“The company is still entirely within my control and that is not going to change,” said Sir Frank Williams after announcing the sale of a shareholding in his Formula One team to Austrian investment specialist and occasional race driver Toto Wolff.
Sir Frank and business partner Patrick Head are not known to have previously sold any shares in the company they founded in 1977, but he was quick to squash any suggestion that the new deal represented a management change – or an attempt to inject funds into the team.
Instead, he presented it as an opportunity for the duo to realise some of the value of the company they had built.
He said: “Nothing changes. I will continue with my role. I have a keen interest in the team’s sponsorships and I work on that with my people on the commercial side of the business. Patrick and I are here every day and we will continue to be so.
“I have no desire at this time in my life to want to stop work. The sale is entirely for private motives. Patrick and I have never taken a penny out of the business in four decades and it’s time I paid a few bills.”
He did, however, hint that he was thinking ahead to his eventual retirement: “I’m not getting any younger, I’m 67. I have no intention of losing control of this company or ceasing any of my Formula One activities, but I would prefer to be prepared for when Patrick and I are not here and not to leave it until the last minute.
“This situation means that the future of this company is assured for our partners and our workforce, who are all very loyal.”
Mr Wolff – real first name Christian, but known as Toto – is a 37-year-old businessman, financial manager and professional investor with a string of successful companies to his name.
He told Autosport that his investment was a strategic decision based on the shift in F1 away from manufacturers and towards independent teams.
“With recent pull-outs of manufacturers from F1 the value of privateer teams will increase. Overall, I expect the value of F1 to rise again. Therefore this is a commercial decision,” he said.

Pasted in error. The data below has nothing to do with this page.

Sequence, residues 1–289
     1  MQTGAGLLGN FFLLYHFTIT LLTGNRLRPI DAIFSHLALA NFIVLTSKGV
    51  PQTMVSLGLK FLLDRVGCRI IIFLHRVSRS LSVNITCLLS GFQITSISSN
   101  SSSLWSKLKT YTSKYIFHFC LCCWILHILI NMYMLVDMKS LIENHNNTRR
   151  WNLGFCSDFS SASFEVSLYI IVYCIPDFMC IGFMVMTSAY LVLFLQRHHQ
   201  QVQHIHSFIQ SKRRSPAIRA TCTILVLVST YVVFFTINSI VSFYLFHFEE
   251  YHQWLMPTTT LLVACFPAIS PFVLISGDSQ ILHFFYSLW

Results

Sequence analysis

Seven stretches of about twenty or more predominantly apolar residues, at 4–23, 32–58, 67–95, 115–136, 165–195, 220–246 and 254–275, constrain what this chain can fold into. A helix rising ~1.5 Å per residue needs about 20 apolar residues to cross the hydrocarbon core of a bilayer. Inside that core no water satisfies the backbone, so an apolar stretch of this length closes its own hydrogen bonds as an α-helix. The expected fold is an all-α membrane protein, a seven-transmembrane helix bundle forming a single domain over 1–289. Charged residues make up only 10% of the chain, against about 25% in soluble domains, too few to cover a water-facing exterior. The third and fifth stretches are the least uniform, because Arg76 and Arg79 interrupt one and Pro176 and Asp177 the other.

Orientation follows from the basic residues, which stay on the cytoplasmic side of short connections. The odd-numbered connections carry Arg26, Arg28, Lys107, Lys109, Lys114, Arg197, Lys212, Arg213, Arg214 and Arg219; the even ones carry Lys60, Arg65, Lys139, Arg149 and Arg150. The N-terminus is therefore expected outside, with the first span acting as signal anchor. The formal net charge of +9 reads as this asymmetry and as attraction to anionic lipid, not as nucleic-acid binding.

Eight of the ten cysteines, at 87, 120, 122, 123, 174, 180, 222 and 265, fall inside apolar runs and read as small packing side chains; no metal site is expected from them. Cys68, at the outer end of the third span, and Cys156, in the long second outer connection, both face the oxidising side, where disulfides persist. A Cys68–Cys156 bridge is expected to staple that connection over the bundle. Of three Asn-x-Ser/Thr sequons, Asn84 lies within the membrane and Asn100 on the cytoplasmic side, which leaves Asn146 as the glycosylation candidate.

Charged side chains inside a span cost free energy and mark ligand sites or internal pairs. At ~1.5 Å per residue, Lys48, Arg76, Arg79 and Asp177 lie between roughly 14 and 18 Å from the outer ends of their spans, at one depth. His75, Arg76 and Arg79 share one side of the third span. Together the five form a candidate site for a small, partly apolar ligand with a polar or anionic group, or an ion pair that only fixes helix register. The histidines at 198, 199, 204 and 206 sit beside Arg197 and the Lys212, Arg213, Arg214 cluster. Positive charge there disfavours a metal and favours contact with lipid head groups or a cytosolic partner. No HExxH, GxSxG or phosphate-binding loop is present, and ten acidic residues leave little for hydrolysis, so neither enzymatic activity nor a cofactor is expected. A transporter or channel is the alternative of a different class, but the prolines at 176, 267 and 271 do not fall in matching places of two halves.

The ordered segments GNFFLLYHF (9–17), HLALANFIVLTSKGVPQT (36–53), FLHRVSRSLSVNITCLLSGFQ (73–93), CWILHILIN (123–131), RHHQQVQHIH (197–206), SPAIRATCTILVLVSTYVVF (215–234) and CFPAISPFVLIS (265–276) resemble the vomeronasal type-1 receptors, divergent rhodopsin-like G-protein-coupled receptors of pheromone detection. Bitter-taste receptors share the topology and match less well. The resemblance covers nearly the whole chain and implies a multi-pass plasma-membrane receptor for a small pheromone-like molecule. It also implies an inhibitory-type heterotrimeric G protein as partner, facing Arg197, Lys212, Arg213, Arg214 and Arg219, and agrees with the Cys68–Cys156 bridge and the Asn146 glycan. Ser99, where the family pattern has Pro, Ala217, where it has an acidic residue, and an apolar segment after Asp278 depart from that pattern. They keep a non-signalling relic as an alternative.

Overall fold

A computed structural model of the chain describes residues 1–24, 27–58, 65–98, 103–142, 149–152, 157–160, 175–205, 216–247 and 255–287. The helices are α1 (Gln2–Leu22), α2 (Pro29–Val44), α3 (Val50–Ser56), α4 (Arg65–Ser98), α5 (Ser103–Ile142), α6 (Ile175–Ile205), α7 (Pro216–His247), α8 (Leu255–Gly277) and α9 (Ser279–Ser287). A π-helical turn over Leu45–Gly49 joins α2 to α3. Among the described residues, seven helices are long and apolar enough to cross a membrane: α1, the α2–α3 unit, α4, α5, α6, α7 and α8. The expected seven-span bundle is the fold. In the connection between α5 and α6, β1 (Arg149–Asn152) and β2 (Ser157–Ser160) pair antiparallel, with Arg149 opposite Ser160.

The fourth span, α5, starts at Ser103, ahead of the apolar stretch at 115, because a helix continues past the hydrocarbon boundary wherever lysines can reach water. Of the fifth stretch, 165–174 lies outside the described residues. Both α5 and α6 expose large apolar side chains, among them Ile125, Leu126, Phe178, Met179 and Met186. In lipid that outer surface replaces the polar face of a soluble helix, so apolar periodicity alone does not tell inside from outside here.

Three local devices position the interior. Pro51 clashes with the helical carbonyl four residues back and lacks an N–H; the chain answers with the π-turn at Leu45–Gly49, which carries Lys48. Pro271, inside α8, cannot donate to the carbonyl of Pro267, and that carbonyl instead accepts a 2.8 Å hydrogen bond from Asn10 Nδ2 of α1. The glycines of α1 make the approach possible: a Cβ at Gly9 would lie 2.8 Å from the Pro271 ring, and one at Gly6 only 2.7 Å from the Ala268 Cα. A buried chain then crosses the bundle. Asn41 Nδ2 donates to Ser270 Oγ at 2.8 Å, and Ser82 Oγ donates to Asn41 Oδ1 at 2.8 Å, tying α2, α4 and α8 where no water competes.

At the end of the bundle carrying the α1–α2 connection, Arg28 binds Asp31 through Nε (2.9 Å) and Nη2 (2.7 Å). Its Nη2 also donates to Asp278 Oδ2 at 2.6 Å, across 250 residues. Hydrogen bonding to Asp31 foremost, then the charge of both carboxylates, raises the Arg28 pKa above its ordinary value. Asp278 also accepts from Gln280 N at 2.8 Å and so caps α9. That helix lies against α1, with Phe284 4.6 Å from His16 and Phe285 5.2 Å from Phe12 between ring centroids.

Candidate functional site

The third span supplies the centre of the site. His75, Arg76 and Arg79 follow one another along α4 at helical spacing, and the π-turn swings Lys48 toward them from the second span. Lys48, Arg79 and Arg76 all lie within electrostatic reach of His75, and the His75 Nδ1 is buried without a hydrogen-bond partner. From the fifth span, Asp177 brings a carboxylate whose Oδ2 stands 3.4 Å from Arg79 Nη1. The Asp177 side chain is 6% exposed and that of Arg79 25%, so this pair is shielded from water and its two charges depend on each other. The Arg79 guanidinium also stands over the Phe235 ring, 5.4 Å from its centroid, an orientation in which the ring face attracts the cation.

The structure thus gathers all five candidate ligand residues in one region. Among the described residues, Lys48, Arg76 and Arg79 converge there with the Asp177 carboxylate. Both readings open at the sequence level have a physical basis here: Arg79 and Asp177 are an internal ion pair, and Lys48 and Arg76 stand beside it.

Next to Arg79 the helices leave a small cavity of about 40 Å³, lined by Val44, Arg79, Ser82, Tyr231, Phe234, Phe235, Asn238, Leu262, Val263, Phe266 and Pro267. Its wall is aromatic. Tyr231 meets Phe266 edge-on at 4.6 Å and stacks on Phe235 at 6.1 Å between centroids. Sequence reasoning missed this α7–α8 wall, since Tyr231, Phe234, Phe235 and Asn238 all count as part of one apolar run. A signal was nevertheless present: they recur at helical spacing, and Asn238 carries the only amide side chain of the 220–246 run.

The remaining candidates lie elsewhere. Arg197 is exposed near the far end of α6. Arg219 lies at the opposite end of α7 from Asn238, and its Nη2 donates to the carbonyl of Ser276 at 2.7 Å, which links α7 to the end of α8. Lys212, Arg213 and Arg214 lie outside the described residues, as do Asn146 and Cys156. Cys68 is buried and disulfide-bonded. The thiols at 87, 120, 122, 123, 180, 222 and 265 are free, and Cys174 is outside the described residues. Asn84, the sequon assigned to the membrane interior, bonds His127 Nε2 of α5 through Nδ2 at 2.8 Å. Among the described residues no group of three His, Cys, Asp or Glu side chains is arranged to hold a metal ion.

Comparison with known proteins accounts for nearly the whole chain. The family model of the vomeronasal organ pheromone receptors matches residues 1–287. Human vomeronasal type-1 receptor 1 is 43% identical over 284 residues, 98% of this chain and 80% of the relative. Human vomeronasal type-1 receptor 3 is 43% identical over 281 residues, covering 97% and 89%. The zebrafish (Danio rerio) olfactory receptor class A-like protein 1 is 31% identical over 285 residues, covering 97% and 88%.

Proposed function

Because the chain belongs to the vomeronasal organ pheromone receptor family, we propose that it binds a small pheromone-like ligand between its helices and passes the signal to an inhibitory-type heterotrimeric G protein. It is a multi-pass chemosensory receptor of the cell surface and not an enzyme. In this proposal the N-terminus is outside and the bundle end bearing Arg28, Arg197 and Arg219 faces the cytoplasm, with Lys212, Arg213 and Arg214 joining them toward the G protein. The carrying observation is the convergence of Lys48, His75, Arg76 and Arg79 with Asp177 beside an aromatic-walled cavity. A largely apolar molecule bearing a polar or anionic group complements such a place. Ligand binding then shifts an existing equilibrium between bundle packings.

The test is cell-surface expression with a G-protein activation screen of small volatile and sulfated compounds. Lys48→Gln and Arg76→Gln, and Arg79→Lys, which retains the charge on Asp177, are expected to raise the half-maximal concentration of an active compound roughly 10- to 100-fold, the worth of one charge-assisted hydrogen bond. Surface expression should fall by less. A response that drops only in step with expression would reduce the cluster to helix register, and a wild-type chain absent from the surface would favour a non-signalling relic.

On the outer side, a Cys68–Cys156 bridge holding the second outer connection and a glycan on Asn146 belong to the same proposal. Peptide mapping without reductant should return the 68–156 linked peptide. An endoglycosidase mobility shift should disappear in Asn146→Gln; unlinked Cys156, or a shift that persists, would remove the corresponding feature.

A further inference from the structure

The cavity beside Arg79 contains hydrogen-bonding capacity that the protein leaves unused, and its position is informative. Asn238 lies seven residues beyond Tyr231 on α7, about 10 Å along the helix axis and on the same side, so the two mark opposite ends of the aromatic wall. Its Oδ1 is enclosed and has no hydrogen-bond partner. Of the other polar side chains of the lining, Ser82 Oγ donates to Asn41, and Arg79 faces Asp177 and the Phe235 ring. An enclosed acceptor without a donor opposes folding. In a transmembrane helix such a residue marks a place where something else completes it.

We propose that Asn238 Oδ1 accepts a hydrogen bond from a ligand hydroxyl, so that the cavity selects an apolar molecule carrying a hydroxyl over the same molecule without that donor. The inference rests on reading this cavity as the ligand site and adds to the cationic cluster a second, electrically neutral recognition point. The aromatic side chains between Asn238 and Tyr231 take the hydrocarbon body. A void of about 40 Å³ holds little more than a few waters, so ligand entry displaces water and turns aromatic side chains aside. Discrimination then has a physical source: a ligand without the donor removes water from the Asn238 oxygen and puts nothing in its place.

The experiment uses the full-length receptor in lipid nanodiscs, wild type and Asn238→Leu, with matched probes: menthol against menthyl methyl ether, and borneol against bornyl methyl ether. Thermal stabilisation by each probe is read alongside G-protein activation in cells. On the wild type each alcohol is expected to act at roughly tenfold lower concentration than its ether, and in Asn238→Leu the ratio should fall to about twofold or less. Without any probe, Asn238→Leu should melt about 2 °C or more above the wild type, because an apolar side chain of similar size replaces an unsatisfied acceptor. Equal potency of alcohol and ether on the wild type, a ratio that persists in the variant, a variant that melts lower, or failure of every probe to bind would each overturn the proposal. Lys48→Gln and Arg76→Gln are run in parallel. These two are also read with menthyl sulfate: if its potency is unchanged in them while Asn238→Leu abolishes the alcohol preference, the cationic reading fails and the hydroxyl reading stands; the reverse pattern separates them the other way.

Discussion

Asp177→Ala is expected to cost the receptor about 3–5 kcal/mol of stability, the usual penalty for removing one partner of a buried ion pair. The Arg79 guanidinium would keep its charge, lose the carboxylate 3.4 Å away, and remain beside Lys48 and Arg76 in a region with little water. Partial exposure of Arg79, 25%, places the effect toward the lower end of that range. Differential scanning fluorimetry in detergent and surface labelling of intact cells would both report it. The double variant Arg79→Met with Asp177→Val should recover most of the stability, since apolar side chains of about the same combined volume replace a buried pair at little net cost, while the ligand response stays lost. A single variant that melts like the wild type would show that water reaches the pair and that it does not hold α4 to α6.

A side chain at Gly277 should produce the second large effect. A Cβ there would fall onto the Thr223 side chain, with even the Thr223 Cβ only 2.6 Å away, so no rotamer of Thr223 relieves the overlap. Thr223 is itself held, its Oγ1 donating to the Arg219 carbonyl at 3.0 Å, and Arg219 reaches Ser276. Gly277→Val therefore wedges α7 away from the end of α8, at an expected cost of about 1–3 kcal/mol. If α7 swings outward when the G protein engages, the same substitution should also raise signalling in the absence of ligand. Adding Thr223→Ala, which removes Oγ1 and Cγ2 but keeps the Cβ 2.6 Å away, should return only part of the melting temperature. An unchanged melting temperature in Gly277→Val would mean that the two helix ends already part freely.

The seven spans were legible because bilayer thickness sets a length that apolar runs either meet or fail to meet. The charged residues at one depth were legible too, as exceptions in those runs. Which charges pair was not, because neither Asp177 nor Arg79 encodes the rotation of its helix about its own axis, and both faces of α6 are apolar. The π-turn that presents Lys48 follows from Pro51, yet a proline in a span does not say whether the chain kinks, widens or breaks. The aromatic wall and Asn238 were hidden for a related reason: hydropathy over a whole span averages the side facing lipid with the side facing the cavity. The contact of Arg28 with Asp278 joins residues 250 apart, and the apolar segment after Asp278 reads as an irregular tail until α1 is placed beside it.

A motor sport enthusiast, he set up a driver management company with F1 champion Mika Häkkinen in 2002. He first raced in Austrian Formula Ford in 2002 and was runner-up in the Austrian Rally Championship four years later.
He also won the Dubai 24 Hours, is the current Nordschleife circuit record holder, and is involved in DTM as an investor in the Mercedes subsidiary HWA – as well as being engaged to Scottish competitior Susie Stoddard.
Nevertheless, his involvement is expected to be purely commercial and not sporting: “No, that’s not foreseen,” said Sir Frank, adding: “If he has an interesting opinion, he will certainly be listened to, of course.”
He said: “Toto is a very shrewd business man. He has created and owned several businesses and sold them on for a profit. What is most impressive is how young he is. He is a very clever man. He will turn up for the occasional board meeting. He will come to as many as he wants, but he has no set plans.”
The exact shareholding sold to Mr Wolff has not been disclosed, but it is more than 10 per cent and less than 49. The balance of shares between the two original founders remains unchanged: “The shareholding between Patrick and I is in a certain ratio and the sale reflects that,” said Sir Frank.
“I can not stress enough that Toto is a minority shareholder and that the company is still entirely within my control and that is not going to change. Formula One is my life, I love what I do and I don’t want to change that so long as I am mentally and physically healthy to do so, but we all welcome the contribution of experience, success and vitality I am sure he will bring to Williams.”